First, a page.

Uganda Clays renegotiates NSSF’s Shs20b loan 

Uganda Clays says that although it made some money between 2021 and 2023, it was not sufficient to service the NSSF loan. Photo / File 

What you need to know:

  • In 2010, Uganda Clays obtained a Shs11.05b loan, but had by 2015 risen to Shs20.6b due to non-payment

Uganda Clays has renegotiated a Shs20.6b National Social Security Fund (NSSF) loan due to a weakened cash flow position. 

In details contained in its 2023 annual report, Uganda Clays said during the year it faced financing costs of Shs1.8b, 325 percent higher than in 2022 due to the NSSF loan renegotiation to extend repayment from 2025 to 2030. 

This, the clay products manufacturer said, therefore, resulted in notional interest expense of Shs1.6b, with the modification resulting into a rise in NSSF’s equity from Shs41b to Shs43b.  

“In order to manage debt, NSSF and Uganda Clays signed a debt restructuring agreement, which now requires Uganda Clays to start loan repayments on January 2, 2025, with 10 equal installments paid semi-annually and interest chargeable at 14 percent annually. The modification saw the carrying amount decrease to Shs17.4b from Shs20.6b,” the report reads in part. 

On December 27, 2010, Uganda Clays obtained a 10-year loan of Shs11.05b from NSSF to finance working capital at an interest of 15 percent annually. 

However, due to cash flow challenges Uganda Clays failed to sufficiently finance the loan, which by 2015, had accumulated to Shs20.6b, forcing it to seek a freeze on the accumulation of interest until such a time when the two companies would agree on a mutually favourable repayment model.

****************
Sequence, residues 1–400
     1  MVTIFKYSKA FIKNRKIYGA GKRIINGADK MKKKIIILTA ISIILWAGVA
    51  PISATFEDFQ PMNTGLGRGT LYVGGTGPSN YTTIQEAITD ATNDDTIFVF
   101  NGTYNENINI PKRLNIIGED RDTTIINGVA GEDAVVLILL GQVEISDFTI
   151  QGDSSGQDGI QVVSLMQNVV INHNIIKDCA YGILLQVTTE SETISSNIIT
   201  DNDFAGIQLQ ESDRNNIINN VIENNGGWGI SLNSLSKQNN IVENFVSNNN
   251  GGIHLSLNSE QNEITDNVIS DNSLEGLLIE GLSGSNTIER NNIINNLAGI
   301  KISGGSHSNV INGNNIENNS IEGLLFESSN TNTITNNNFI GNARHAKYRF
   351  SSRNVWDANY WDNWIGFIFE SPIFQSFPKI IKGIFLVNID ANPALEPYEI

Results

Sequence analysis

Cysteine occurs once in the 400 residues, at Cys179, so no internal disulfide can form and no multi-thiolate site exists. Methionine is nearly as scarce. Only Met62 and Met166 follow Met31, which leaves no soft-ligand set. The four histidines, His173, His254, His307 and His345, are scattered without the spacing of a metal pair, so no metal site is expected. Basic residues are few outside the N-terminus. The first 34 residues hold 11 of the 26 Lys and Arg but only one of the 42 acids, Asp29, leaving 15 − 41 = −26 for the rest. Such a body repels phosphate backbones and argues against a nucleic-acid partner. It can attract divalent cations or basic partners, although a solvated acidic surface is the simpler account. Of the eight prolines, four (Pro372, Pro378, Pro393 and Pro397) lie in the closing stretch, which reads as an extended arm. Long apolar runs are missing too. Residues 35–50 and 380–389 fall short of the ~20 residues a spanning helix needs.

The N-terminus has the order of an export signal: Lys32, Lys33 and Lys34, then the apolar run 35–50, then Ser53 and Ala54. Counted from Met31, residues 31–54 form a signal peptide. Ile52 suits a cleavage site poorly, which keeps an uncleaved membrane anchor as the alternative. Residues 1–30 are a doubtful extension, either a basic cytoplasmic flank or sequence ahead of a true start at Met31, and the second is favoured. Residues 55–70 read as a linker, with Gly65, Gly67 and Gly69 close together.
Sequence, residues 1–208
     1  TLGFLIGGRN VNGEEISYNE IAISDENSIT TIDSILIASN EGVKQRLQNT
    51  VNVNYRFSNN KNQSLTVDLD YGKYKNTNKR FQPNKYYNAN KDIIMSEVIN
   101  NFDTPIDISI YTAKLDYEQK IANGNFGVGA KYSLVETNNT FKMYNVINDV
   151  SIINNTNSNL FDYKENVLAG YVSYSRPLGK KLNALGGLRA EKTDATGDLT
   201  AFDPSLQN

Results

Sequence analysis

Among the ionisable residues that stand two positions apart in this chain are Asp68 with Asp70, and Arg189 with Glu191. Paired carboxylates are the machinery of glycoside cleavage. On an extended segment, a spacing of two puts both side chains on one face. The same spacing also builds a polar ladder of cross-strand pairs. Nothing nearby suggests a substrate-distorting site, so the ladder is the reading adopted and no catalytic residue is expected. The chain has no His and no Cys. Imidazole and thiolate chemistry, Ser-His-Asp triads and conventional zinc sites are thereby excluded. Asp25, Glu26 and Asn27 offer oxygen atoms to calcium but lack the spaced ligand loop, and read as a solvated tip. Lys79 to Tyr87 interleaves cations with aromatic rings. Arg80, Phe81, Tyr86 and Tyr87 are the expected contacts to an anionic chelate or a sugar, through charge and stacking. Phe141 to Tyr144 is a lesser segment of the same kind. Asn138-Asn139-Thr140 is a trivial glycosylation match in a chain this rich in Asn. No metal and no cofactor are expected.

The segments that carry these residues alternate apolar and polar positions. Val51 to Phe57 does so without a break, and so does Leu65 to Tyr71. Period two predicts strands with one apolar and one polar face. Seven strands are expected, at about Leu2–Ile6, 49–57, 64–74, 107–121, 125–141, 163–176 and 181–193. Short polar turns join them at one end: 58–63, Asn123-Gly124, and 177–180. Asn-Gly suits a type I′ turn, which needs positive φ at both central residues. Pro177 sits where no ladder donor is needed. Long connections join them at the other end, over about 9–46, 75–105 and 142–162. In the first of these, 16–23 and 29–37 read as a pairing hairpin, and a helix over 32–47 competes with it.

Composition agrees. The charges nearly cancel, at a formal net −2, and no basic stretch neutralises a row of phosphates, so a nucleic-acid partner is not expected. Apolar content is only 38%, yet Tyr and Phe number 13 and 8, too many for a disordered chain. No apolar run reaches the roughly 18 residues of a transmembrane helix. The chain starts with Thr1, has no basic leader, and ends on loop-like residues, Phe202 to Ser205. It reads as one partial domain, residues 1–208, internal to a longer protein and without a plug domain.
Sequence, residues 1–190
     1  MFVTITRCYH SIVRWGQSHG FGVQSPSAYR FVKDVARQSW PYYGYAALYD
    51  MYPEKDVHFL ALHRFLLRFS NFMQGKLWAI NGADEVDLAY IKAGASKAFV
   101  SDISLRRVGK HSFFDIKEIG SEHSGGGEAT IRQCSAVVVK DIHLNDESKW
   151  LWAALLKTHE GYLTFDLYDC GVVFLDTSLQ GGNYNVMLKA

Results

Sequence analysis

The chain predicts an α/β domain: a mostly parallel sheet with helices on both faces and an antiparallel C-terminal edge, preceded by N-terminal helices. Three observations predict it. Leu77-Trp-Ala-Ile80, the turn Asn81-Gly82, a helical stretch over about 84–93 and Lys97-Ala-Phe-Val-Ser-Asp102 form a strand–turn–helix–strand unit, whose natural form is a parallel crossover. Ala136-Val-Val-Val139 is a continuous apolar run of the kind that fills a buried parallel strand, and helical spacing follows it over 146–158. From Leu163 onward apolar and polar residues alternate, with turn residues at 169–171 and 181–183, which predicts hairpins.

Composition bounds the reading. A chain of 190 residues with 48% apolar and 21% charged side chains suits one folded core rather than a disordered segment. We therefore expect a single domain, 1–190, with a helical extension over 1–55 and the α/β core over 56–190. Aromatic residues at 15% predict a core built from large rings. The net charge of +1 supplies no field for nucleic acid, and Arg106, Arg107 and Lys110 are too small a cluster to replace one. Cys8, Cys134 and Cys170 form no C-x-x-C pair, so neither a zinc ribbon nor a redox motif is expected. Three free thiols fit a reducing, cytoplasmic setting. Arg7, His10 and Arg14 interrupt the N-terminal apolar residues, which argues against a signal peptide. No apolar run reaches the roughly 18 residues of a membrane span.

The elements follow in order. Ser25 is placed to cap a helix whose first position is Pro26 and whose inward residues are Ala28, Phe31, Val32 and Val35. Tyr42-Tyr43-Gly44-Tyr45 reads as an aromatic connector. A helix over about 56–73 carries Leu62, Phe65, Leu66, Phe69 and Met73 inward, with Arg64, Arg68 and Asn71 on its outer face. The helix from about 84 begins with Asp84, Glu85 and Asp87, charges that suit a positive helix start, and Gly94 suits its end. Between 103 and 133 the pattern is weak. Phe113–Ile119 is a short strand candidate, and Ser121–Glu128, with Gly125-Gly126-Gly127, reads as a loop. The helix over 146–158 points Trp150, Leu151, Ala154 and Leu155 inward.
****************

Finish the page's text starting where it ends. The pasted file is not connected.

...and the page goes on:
In May 2023, NSSF and Uganda Clays signed an addendum to the initial loan contract, giving Uganda Clays a new repayment schedule and a change in contractual terms necessitated by a cash flow challenge that affected its ability to meet the original repayment terms. 

The report further indicates that between 2021 and 2023, whereas Uganda Clays’ cash flow position had improved, it was not sufficient to finance the loan, thus, the need to restructure it even as the company had returned to profitability after years of posting losses. 

The company has been facing stiff competition in the construction and building sector, coupled with interruptions in supply chain, and operational challenges at its plants, especially Kamonkoli in Mbale District, which has for years operated below capacity.

“With the introduction of new players and expansions in the production capabilities of existing players, competition in the roofing sector has become stiffer. At least seven in every 10 households are currently using iron sheets for roofing, a trend we are trying to reverse by making our products more affordable,” the company said. 

Uganda Clays, which is majority-owned by NSSF (32 percent), in the period ended December 2023 experienced a 20 percent decline in revenue, falling to Shsh30.4b from Shs36.6b, returning to a loss-making position, in which it posted a loss of Shsh2.85b from a profit of Shs2.44b in 2022. 

The company also registered a 325 percent increase in financing costs due to the NSSF loan renegotiation,  and further noted there would be no dividend payments with focus now put on “leveraging our financial capital to navigate economic uncertainty and maintain stability”, part of which it would seek external financing to strengthen its financial position and improve production capacity.